Stress and burnout can affect your relationships and make it difficult to look after yourself. In this article we’ll look at some actions you can take to manage stress, and how you can use self-compassion to address early signs of burnout.
Burnout is a state of physical and mental exhaustion caused by long-term stress [1, 2, 3]. Many things can come together to cause burnout. These could be:
You can expect to experience some stress in life, but if you have too much for too long you might begin to experience negative symptoms. It is not caused by being too weak or being unable to handle life’s difficulties: it can happen to people who have lived through very tough situations .
Burnout can affect your emotional wellbeing: you might feel a loss of motivation, a negative outlook, and feelings of helplessness . It can impact your relationships, both with yourself and with others .
The three systems model, created by the psychologist Paul Gilbert , can be helpful for understanding burnout. You have three emotional systems: threat, drive and soothe. The threat system alerts you to danger, activating your ‘fight or flight’ response. The drive system motivates you to look for food, water, and safety. Your soothe system helps you to relax and feel safe.These systems work together to help keep us alive, each becoming more powerful over the others when needed. A balance of the three systems is a sign that your body is working how it should. Sometimes the systems become unbalanced, and threat and drive become more dominant. This can happen if you have a lot of demands on your time that are physically and mentally draining to you.
People experiencing burnout often struggle to be kind to themselves. You might notice that you’re being judgemental of yourself, feeling disconnected, or constantly striving without a break. There may be good reasons why you are pushing yourself such as working hard at your job, or caring for other people [2, 7]. However, a lack of self-compassion can be a sign that you are stuck in drive mode and not connecting enough with soothe. This can lead to symptoms of burnout that tend to be harmful to building good relationships .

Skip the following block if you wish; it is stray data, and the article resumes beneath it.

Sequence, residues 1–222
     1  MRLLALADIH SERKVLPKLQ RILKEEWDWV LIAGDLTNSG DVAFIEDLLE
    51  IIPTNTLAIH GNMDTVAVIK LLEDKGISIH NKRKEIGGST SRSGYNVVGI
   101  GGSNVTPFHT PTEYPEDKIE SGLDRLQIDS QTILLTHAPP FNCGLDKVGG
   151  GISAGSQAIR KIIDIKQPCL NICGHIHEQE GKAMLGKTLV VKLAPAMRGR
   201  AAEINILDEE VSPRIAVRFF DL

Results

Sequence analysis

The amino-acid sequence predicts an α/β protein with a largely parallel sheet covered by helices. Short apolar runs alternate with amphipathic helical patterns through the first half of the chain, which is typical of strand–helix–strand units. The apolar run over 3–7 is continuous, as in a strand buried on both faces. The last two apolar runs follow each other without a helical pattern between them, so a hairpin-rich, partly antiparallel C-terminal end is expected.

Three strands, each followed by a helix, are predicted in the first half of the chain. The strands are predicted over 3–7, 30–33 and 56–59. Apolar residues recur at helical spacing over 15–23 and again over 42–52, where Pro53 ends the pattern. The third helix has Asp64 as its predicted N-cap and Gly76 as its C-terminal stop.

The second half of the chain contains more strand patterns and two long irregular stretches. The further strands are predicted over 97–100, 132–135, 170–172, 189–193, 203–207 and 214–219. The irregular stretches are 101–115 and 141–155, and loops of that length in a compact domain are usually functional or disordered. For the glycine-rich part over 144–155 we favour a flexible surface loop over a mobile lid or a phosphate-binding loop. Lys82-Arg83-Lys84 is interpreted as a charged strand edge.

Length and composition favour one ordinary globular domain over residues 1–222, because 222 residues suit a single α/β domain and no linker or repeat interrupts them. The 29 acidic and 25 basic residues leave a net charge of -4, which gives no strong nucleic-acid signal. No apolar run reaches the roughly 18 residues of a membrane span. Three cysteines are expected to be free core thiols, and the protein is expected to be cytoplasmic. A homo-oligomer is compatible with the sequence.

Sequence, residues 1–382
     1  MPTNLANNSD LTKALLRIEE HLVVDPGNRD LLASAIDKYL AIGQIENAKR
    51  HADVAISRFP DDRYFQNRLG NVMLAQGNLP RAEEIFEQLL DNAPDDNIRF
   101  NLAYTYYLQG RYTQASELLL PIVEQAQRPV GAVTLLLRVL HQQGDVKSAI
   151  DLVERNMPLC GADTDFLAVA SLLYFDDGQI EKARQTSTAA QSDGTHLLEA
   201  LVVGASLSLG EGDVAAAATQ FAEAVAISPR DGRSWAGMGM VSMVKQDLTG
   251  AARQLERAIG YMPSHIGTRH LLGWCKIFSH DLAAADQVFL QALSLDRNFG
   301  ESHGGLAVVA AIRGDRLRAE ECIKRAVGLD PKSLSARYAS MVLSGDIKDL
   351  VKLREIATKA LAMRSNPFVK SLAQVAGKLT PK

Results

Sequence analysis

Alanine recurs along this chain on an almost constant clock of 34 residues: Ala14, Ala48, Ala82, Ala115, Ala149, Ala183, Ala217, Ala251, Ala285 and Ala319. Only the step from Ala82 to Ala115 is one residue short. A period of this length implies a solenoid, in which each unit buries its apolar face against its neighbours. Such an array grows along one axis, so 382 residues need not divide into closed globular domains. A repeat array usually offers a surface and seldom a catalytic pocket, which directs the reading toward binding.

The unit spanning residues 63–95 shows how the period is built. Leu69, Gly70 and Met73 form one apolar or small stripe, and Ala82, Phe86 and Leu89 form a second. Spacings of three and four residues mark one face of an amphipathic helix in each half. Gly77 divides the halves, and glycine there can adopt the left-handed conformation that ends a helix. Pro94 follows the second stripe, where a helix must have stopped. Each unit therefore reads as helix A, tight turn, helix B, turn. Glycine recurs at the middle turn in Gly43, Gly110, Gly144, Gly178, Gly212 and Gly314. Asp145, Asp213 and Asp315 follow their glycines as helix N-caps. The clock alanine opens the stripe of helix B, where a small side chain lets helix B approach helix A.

The irony is, if you do burn out, you will be too exhausted to care for other people or achieve your goals at work. It is better for everyone if you are able to take time to take care of yourself before burnout happens.
Recognising your feelings is a way to show yourself compassion and regulate your emotions . In his book The Happiness Trap, Russ Harris explains that pushing feelings away and ignoring them is like trying to hold an air-filled ball underwater: eventually your arm will get tired and the ball will surface. In fact, pushing feelings away can result in a rebound effect, and they can come back even harder. Taking a moment to notice your feelings can help you feel better if it is beyond your control to change anything for now.
You can practice recognising your feelings by ‘dropping anchor’. This is a technique you could try to become more aware of what you are experiencing. To drop anchor you can use the acronym ‘ACE’ :
A – Acknowledge your thoughts and feelings
Notice and name any thoughts, emotions, and sensations you are feeling in your body.
C – Come back into your body
Connect with your physical body in some way – push your feet firmly into the floor, slowly breathe, stretch your arms above your head.
E – Engage with what you are doing
Get a sense of where you are – perhaps notice some things you can see, hear, taste, smell and feel. Finish by refocusing your attention on what you are currently doing and engage with it.
Burnout is a difficult experience that can affect our relationships, but there are techniques available to help you manage and prevent it. Practising self-compassion and kindness can lead to many benefits, such as more energy and time for those we love. Try dropping anchor and let us know how you get on.
By Helen Molloy
 WHO, 2023
 BMJ, 2018
 Mental Health UK, 2023
 Hool, 2022
 Harris, 2008
 Gibson et al, 2021
 Rutter & Croston, 2023
 Barlow et al., 2018
 Linehan, 2015